Facebook is often used as the main competitor to Google’s social network offering, Google+, but Twitter is often left out of the equation. However, once Google plus reaches public beta, it may prove to be more than a worthy alternative. Both services offer similar features such as the ability to “follow” other users, instantly receive updates from them and the ability to mention other users. Will Google+ one day take over market-share from Twitter? Not a doubt, and it’s only a matter of time.
Some of Twitter’s shortcomings
For new users and even frequent users, Twitter can be confusing to use. The concept of Retweeting, Hash tags and Mentions never really caught on with me, personally. It’s hard for a newcomer to grasp them without looking for help on Google. This fact is especially important considering that over 73% of Twitter users published less than 10 status updates, ever.
The design of twitter’s system itself prevents meaningful conversation and direct communication to develop. It gets hard to keep track of a conversation using mentions, and direct communications only works when both users follow each other.
Twitter is frequently used to get updates from celebrities and brands… not so much from mutual friends. It’s a one-way communication that leaves the user out of the conversation. Pretty hard for the average user to get noticed from the celebrity in a sea of tweets.
Lastly, Twitter’s limit of 140 characters per tweet greatly limits the complexity of status updates that occur and forces many users to shorten their language by overusing abbreviations.
How can Google+ overcome them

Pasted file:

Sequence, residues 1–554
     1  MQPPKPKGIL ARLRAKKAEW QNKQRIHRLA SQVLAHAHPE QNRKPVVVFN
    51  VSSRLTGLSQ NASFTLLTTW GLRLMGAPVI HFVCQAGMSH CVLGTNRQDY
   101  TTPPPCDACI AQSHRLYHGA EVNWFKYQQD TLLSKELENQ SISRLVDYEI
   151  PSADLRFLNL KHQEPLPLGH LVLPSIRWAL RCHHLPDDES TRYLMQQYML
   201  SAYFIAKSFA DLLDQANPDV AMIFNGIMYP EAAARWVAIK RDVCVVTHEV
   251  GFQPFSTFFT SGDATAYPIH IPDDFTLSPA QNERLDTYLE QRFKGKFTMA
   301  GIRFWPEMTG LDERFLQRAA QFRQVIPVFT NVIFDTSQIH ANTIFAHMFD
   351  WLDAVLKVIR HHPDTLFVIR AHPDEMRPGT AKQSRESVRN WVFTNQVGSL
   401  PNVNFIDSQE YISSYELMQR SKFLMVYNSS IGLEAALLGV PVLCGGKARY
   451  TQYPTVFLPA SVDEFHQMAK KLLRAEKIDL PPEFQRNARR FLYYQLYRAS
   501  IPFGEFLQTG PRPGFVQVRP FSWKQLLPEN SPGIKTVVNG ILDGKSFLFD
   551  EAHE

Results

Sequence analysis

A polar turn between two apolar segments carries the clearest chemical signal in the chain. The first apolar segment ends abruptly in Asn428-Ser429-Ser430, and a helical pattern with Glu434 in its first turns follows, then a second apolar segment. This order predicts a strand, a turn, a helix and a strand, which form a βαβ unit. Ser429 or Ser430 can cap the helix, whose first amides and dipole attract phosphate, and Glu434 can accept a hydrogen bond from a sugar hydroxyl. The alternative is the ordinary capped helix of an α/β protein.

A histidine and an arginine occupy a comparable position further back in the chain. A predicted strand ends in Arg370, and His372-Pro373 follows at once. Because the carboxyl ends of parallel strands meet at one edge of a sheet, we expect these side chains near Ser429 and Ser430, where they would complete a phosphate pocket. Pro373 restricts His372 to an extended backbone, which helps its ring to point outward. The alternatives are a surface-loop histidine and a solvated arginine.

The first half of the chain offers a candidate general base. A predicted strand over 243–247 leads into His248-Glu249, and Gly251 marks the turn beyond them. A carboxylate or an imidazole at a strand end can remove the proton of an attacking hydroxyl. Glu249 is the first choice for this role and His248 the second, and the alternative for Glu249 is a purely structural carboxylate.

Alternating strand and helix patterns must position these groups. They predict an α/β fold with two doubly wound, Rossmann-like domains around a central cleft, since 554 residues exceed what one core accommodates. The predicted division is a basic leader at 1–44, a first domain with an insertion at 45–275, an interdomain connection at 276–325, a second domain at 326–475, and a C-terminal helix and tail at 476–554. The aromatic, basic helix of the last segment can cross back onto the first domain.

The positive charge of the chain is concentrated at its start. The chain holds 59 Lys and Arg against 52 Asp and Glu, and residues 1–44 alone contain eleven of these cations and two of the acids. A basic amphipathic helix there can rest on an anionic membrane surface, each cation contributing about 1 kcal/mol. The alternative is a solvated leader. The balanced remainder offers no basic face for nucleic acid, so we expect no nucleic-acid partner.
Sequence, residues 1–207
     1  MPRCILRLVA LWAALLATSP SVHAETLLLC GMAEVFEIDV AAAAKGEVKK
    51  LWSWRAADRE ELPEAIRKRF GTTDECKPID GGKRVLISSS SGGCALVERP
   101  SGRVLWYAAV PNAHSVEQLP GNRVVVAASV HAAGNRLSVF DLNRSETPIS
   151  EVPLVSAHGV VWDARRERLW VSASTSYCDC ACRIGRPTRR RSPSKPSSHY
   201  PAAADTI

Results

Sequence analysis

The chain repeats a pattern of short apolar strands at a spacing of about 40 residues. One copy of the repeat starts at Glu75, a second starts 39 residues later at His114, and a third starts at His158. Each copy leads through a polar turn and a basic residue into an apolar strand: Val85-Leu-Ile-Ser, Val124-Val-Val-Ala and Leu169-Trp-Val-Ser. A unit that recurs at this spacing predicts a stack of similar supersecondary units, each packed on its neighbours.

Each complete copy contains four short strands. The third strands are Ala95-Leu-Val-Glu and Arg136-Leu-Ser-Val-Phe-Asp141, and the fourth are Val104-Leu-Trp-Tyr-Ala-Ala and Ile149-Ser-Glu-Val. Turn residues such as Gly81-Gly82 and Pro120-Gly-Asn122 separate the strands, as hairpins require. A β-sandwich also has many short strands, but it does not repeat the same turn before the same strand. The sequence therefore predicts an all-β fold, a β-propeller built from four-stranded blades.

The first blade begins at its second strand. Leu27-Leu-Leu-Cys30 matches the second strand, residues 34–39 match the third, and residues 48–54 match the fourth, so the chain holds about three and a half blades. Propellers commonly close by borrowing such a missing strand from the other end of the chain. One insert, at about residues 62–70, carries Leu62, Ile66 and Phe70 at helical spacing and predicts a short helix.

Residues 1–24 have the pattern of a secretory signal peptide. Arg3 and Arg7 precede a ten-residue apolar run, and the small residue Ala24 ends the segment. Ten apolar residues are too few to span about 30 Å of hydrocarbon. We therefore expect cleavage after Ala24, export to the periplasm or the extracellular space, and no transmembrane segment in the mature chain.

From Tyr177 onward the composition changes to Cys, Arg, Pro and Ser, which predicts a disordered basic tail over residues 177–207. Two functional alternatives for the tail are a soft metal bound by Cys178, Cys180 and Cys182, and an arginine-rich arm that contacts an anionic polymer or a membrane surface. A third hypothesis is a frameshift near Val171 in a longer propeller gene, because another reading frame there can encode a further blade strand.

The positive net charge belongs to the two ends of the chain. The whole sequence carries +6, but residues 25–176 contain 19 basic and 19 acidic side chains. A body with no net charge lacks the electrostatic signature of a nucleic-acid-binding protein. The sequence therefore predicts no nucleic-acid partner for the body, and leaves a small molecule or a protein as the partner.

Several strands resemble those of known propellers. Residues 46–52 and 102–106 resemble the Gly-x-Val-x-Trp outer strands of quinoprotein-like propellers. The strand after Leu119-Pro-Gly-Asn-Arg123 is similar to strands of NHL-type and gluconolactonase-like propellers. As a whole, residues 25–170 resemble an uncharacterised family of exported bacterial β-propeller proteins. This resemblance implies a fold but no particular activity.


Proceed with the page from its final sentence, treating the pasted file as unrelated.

Similar to Facebook, Google plus’s comment system is relatively easier to use compared to Twitter. Instead of mentions, the comment is placed within a “thread” under the status update. Therefore, it should be easier to keep track of an conversation and allows meaningful discussion between users.
The biggest feature with Google+ is probably the ability to create a distinction between friends and people we follow using Circles. You can still be in touch with friends and relatives while getting updates from “celebrities”. It’s a nice hybrid between Facebook and Twitter; you can still share with friends while retaining more freedom and privacy.
Google+ does not have a character limit for status updates. That means no more impossible to decipher messages and horrible grammar and more complexity in messages. It could even be the main selling point of Google+ against Twitter in my opinion.
For now, Twitter still has the advantage of a bigger user-base. However, more than half of Twitter accounts are inactive and Google+ is still undergoing an explosive growth (10M users reached in two weeks). Once Google+ achieves a critical mass and “celebrities” signs up en masse, Twitter users could very well flock away.
Another disadvantage of Google+ is that only people can sign up, unlike Twitter. That means it is impossible for companies and brands to maintain a presence on the social network. Google currently plans to open its doors for businesses later this year, so this won’t be a problem for long.
The web is a dynamic place, and there’s still plenty of time for both websites to improve and adapt to the competition. It’s impossible to be completely sure whether Twitter’s downfall is incoming or not. Google has a solid track record in creating great services like GMail, and I think we can add Google+ to the list once it goes public.